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Displaying 1 - 10 of 6023
Title Citation Alternate Citation Agency Citation Summary Type
In re Polar Bear Endangered Species Act Listing and § 4(d) Rule Litigation 627 F.Supp.2d 16 (D.D.C.,2009) 2009 WL 1750413 (D.D.C.)

Plaintiffs Safari Club International and Safari Club International Foundation brought this action under the APA challenging the FWS's legal determination that the listing of the Polar Bear as "threatened" under the Endangered Species Act was a final agency action. At issue here is defendants' Motion for Judgment on the Pleadings on the grounds that plaintiffs fail to challenge a final agency action as required for judicial review under the APA. Alternatively, defendants argue that the plaintiffs lack standing to bring this action. This Court found that the action challenged by SCI and SCIF is final agency action for purposes of judicial review pursuant to the APA. On the issue of standing, defendants argue that plaintiffs' suit must be dismissed for lack of standing because plaintiffs have not alleged facts to establish that they have suffered an injury-in-fact. The court disagreed, finding that the plaintiffs have sufficiently pleaded that the “procedures in question” threaten a “concrete interest" - an interest in conservation that is impacted by the import ban. Defendants Motion for Judgment on the Pleadings was denied.

Case
BD - Cruelty - THE CRUELTY TO ANIMALS ACT, 1920 Cruelty to Animals Act, 1920 (Act No. I of 1920)

This Act constitutes Bangladesh's prevention of cruelty to animals act. The act defines "animal" as "any domestic or captured animal." Any person who: overdrives, cruelty or unnecessarily beats, or otherwise ill-treats any animal; binds or carries an animal in a position as to subject the animal to unnecessary pain or suffering; offers or has in his possession an animal that is suffering because of mutilation, thirst, starvation or other ill-treatment shall be punished for every such offence with fine up to one hundred Taka, or imprisonment up to three months, or with both. Overloading an animal is also punishable with a fine or jail term, and animal fighting results in a fine.  

Statute
US - Assistance animals, housing - Service Animals and Assistance Animals for People with Disabilities in Housing and HUD-Funded Programs FHEO Notice: FHEO-2013-01 This notice explains certain obligations of housing providers under the Fair Housing Act (FHAct), Section 504 of the Rehabilitation Act of 1973 (Section 504), and the Americans with Disabilities Act (ADA) with respect to animals that provide assistance to individuals with disabilities. The Department of Justice's (DOT) amendments to its regulations' for Titles II and III of the ADA limit the definition of "service animal” under the ADA to include only dogs, and further define "service animal" to exclude emotional support animals. This definition, however, does not limit housing providers' obligations to make reasonable accommodations for assistance animals under the FHAct or Section 504. Persons with disabilities may request a reasonable accommodation for any assistance animal, including an emotional support animal, under both the FHAct and Section 504. Administrative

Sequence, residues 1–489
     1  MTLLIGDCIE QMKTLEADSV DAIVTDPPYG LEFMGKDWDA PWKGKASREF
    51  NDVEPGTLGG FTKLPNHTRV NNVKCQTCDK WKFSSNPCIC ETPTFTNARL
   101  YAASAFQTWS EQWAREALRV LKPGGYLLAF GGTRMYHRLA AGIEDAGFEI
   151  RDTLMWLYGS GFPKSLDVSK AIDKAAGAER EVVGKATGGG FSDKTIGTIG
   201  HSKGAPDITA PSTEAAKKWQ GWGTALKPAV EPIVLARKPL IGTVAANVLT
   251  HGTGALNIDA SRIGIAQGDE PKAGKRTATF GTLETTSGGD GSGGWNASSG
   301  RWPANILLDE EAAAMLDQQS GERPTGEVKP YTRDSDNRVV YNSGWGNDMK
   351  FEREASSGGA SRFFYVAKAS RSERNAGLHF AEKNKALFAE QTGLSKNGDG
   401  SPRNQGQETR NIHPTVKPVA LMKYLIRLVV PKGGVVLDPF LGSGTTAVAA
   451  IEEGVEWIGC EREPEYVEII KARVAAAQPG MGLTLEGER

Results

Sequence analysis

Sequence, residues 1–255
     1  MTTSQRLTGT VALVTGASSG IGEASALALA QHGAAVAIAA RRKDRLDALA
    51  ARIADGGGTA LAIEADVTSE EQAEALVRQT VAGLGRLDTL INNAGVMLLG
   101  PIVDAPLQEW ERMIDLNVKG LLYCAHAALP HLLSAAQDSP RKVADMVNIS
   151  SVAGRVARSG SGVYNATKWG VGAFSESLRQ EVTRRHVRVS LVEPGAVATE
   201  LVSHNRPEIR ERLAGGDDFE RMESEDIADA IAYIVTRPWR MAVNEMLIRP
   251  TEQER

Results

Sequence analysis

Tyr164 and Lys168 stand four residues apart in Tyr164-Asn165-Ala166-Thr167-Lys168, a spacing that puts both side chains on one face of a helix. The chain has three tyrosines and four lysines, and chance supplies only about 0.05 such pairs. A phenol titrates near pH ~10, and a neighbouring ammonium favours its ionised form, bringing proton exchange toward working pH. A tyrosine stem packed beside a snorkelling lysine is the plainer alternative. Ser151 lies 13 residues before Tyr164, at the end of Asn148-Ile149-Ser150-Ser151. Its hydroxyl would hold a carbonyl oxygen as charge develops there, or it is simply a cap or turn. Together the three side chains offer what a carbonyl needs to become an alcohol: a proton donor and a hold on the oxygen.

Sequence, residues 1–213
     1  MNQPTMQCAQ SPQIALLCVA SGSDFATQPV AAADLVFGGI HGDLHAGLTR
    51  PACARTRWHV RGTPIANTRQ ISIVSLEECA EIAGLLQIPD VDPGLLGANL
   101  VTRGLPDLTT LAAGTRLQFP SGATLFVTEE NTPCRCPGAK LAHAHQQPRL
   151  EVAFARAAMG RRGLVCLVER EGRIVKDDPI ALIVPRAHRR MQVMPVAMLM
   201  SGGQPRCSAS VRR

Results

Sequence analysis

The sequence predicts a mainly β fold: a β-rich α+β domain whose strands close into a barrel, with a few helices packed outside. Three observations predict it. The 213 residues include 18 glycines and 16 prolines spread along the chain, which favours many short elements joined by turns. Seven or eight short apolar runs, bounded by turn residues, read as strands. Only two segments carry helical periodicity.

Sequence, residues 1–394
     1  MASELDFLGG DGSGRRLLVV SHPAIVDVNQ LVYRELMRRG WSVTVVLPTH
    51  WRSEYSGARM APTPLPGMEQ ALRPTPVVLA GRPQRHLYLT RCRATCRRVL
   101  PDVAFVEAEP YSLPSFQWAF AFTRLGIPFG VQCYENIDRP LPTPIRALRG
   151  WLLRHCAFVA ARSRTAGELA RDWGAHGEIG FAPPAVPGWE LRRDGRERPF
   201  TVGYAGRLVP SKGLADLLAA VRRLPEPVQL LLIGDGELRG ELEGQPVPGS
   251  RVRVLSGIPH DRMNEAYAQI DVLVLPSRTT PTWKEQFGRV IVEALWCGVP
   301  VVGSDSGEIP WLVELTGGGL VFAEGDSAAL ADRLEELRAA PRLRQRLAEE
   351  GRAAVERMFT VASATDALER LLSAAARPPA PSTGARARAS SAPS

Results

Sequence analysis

LA - Rabies Immunization- Chapter 1. Anti-Rabies Vaccination Requirements for Dogs and Cats 51 LA ADC Pt III, § 101 to 111 La. Admin Code. tit. 51, pt. III, § 101 to 111 These regulations are Louisiana's rabies provisions. Under the chapter, a person is prohibited from keeping a dog, cat, or ferret over the age of three months that has not been vaccinated against rabies by a licensed veterinarian. Administrative
IA - Ordinances - 351.36. Enforcement I. C. A. § 351.36 IA ST § 351.36

This Iowa statute provides that local health and law enforcement officials shall enforce state provisions relating to vaccination and impoundment of dogs.  It further states that such public officials shall not be responsible for any accident or disease of a dog resulting from the enforcement of the provisions of the sections.

Statute
Auster v. Norwalk United Methodist Church 894 A.2d 329 (Conn.App., 2006) 94 Conn.App. 617, 2006 WL 797892 (Conn.App.)

The plaintiff, Virginia Auster, brought this action pursuant to General Statutes § 22-357FN1 to recover damages for personal injuries alleged to have been caused by the dog of an employee of the defendant, Norwalk United Methodist Church.  Ms. Auster was a visitor who was on the premises to attend a meeting in the parish house when she was bitten by dog of church employee, who lived in an apartment in the parish house.  After a jury trial, the verdict was returned in favor of the plaintiff, and the defendant appealed.  (See summary judgment appeal, 2004 WL 423189).  The Appellate Court held that church was not a “keeper” of the church employee's dog for purposes of statute which imposed strict liability on the keeper of any dog that did damage to the body or property of any person.  The court reversed the judgment and remanded the action for a new trial on the issue of common-law negligence

Case